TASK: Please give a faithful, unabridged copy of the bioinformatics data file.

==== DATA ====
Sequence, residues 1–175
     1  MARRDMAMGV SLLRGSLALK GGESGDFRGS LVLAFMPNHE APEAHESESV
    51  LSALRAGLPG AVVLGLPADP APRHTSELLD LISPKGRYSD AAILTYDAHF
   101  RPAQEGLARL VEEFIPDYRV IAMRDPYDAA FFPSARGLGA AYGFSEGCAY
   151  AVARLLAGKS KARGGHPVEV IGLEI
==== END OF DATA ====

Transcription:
Sequence, residues 1–175
     1  MARRDMAMGV SLLRGSLALK GGESGDFRGS LVLAFMPNHE APEAHESESV
    51  LSALRAGLPG AVVLGLPADP APRHTSELLD LISPKGRYSD AAILTYDAHF
   101  RPAQEGLARL VEEFIPDYRV IAMRDPYDAA FFPSARGLGA AYGFSEGCAY
   151  AVARLLAGKS KARGGHPVEV IGLEI